Originally posted at educatedtodeath.com Suppose we looked at teacher accountability in a new way? I propose we trust teachers—a little laissez-faire education if you will. This might require higher pay and a serious look at teacher education and quality, but it’ll balance itself out. With less money thrown at testing and corporate remediation materials plus … Continue reading

The Fault/Power Paradox of Traditional Schooling

The student/teacher relationship where the teacher’s job is to maintain control and the student’s job is to submit to control is a pervasive characteristic of the traditional school paradigm, and I’d bet all of us have experienced it. Sometimes the exchange is subtle and involves the student feeling at fault for an unfair situation. One … Continue reading

Teach for America: A Terrific Model for Expansion!

Since Teach for America has been so successful at solving the problems of education in our country, I’m proposing we take their model and apply it to other failing systems and issues at hand. If the biggest problem in education is a lack of quality teachers, and we can provide those teachers and thus solve … Continue reading

I’m Angry

It’s Monday, and I’m angry. I’m angry because, after a weekend of careful planning, after differentiating an assignment for students who have mastered skills at different levels, after catching up on all of my grading, after getting my lesson plans in on time with the TEKS and the Reading Comprehension standards and the ELPS, I … Continue reading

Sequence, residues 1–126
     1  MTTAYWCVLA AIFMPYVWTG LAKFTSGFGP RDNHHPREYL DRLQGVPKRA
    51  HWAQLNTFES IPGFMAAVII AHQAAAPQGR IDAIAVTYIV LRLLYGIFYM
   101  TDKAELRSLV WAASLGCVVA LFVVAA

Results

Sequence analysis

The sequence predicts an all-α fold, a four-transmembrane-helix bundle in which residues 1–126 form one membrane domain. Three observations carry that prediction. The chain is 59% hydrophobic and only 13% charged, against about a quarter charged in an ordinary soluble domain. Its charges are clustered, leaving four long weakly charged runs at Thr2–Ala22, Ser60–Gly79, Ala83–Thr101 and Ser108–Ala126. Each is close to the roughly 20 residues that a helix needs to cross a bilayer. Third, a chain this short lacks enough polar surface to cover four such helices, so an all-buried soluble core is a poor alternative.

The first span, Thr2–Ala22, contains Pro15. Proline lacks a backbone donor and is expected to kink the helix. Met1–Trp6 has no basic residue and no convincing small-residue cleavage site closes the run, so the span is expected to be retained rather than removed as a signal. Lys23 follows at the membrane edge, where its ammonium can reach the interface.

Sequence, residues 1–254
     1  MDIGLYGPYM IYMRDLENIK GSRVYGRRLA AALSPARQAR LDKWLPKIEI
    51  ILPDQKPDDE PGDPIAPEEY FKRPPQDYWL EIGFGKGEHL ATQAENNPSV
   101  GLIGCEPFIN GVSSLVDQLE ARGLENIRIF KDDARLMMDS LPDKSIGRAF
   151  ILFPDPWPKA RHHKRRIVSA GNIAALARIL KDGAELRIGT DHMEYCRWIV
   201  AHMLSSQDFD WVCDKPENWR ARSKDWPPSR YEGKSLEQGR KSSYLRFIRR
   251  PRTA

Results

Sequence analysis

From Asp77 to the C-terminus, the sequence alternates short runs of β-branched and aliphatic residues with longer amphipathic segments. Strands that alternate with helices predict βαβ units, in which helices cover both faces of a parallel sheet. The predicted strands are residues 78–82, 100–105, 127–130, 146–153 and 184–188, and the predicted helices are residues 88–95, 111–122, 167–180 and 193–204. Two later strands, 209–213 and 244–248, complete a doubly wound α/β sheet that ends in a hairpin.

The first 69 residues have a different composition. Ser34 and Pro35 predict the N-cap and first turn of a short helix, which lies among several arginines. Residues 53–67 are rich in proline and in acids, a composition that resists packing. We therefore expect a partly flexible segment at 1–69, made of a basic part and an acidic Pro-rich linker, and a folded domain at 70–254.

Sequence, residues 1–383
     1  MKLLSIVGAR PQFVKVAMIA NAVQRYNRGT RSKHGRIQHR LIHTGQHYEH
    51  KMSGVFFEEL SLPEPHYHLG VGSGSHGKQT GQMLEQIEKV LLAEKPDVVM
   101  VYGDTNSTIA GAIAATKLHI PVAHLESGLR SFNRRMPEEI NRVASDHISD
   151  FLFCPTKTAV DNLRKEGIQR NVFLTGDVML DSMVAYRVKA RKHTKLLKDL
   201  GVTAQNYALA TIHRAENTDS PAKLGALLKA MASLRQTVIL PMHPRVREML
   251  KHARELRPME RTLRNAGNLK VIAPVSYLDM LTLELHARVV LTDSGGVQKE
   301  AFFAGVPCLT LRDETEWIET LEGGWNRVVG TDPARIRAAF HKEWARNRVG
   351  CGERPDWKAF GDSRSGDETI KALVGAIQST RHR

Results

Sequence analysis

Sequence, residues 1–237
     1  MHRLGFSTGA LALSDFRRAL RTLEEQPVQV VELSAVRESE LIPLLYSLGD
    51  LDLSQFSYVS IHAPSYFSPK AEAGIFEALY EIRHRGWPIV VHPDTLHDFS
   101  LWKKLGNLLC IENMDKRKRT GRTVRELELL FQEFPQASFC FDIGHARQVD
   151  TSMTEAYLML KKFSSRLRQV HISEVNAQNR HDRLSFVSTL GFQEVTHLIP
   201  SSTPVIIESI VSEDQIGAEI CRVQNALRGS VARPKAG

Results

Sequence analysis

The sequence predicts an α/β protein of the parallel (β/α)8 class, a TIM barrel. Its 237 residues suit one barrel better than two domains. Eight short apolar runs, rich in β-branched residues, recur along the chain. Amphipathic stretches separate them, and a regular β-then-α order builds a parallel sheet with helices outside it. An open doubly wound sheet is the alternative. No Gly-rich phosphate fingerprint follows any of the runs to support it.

Nothing but this

[This post originally appeared at Classroots.org.] In the first part of his new book Present Shock, media theorist Douglas Rushkoff explains how we have come to a “now-ist” “presentism” resulting in “narrative collapse.” If I understand him correctly, Rushkoff argues that new media, social change, and technologies make traditional story-telling untenable. While we are accustomed … Continue reading

Is It the Standards Fault that They Worry Me?

“..but this is what I teach my college students…”  My mother, who is an English professor, is looking at the new 5th grade common core standards.  I shake my head, sigh, and realize that I now have another mountain to climb when it comes to making school relevant, engaging, and exciting for students.   I … Continue reading

Beyond “The Teaching Crisis”

[This post originally appeared on Classroots.org.] Despite school, some of the kids and adults inside it are able to hack classroom- and school-sized nodes into relevancy. I think subverting the status quo in public schools is – at some scale – an overt political act. While some subversive teachers keep low profiles, their students know … Continue reading

Victim Shaming, Rapist Celebrating Society: The Lessons Children are Learning

A few months ago, I wrote a post about how rape culture has a strong relation to America’s taxpayer-funded schools. Since, the evidence of rape culture in schools has shown such a strong connection to the existence of rape culture that the truth has become axiomatic. However, that is just the brunt of this issue, … Continue reading